The Beatles’ “Across the Universe” Was Rooted In Two Major Conflicts of John Lennon’s Life

While the Beatles’ “Across the Universe” evokes a nirvana-esque image of weightlessly floating through the cosmos, the song’s creation and final production was rife with conflict. As the song’s main composer, John Lennon, would later explain, he first had the idea for the iconic track after a lengthy argument with his first wife, Cynthia Lennon.

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The Beatles originally released “Across the Universe” in 1969 as part of a charity compilation titled ‘No One’s Gonna Change Our World.’ One year later, producer Phil Spector encouraged the band to revisit the track for their final studio album, ‘Let It Be.’ Lennon, who likened the process of writing “Across the Universe” to a possession, never felt like the band allowed the song to live up to its full potential.

The Surprising Origins Of The Song’s First Verse

“Across the Universe” emphasizes a feeling of tumbling through zero gravity from the first line, both in lyrical content and meter. Words are flowing out like endless rain into a paper cup, the song begins. They slither wildly as they slip away across the universe. While it wouldn’t be unreasonable to assume Lennon was talking about something more transcendental, like meditation, he was actually referring to his wife.

According to Lennon, the idea came after Cynthia Lennon irritated John right before bed. “She must have been going on and on about something, and she’d gone to sleep, and I’d kept hearing these words over and over, flowing like an endless stream,” he explained to David Sheff in All We Are Saying (via Beatles Bible). “I went downstairs, and it turned into sort of a cosmic song rather than an irritated song; rather than a ‘Why are you always mouthing off at me?’ or whatever, right?”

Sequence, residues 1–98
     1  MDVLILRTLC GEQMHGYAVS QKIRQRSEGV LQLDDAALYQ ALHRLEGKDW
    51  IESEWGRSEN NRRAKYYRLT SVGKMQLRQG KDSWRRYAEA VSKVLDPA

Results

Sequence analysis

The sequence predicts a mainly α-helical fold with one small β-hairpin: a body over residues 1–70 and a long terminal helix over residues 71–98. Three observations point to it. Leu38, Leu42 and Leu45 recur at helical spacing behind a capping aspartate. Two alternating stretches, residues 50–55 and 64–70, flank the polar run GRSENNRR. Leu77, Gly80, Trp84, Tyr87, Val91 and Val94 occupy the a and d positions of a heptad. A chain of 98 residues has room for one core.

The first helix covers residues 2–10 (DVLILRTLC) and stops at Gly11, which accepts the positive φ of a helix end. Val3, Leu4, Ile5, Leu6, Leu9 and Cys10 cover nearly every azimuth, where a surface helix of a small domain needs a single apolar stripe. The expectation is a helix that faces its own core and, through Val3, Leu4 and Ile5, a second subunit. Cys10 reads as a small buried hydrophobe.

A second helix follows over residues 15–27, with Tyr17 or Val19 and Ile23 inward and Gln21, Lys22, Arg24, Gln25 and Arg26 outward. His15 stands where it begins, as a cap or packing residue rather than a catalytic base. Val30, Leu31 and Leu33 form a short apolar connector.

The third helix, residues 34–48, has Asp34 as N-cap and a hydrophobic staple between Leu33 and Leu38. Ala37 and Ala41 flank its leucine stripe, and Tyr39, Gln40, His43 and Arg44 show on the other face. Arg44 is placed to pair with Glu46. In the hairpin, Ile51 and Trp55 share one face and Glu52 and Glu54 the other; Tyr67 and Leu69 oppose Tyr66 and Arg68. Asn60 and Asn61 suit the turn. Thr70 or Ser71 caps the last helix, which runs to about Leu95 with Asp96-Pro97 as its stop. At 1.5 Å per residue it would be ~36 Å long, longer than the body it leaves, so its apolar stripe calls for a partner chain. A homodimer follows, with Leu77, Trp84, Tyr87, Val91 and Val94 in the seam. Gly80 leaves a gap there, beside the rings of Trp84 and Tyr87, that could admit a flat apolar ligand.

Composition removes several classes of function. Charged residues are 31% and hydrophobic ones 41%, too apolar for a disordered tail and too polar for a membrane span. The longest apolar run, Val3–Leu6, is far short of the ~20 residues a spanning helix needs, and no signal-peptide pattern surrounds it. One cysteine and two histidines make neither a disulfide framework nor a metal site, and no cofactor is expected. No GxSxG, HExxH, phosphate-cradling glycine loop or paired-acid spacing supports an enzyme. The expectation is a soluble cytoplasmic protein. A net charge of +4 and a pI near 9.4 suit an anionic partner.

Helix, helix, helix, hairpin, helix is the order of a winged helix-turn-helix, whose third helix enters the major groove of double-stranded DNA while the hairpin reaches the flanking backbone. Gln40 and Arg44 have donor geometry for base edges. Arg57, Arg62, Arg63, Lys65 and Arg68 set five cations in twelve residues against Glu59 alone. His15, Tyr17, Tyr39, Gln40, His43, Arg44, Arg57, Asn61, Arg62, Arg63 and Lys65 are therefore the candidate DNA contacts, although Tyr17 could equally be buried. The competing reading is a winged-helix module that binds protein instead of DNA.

John Lennon Felt Compelled To Write “Across the Universe”

Amidst the extensive discography of the Beatles, “Across the Universe” stands alone in composition and feel. According to Lennon, it’s because he didn’t want to write it—a greater force beyond his control told him to write it. “I can never repeat it,” the musician admitted to Sheff. “It’s not a matter of craftsmanship; it wrote itself. It drove me out of bed. I didn’t want to write it. I was just slightly irritable, and I went downstairs and couldn’t get to sleep until I put it on paper. Then, I went to sleep.” 

Lennon told Sheff that the urge to write “Across the Universe” felt similar to a metaphysical entity possessing him or serving as a medium for something metaphysical. “The thing has to go down,” he insisted. “It won’t let you sleep. So, you have to get up, make it into something, and then you’re allowed to sleep. That’s always in the middle of the bloody night when you’re half awake or tired.”

He Never Felt Like the ‘Let It Be’ Version Met Its Full Potential

After the Beatles’ included “Across the Universe” in the 1969 charity compilation, Lennon assumed that would be the last time they used his song. However, producer Phil Spector encouraged the band to take another look at it for ‘Let It Be,’ which they released the following year. But even then, Lennon wasn’t happy with the song’s final product.

“The guitars are out of tune, and I’m singing out of tune because I’m psychologically destroyed and nobody’s supporting me or helping me with it,” he lamented to Sheff. Lennon never felt like the band fully committed to the song in the right way. Lennon’s feelings toward his composition are even more disheartening when one considers what he had to say about the track in a Rolling Stone interview with Jann Wenner in 1970.

“It’s one of the best lyrics I’ve written,” the former Beatle said. “In fact, it could be the best. It’s good poetry, or whatever you call it, without chewin’ it. See, the ones I like are the ones that stand as words without melody. They don’t have to have any melody, like a poem. You can read them.”

Photo by Don Paulsen/Michael Ochs Archives/Getty Images

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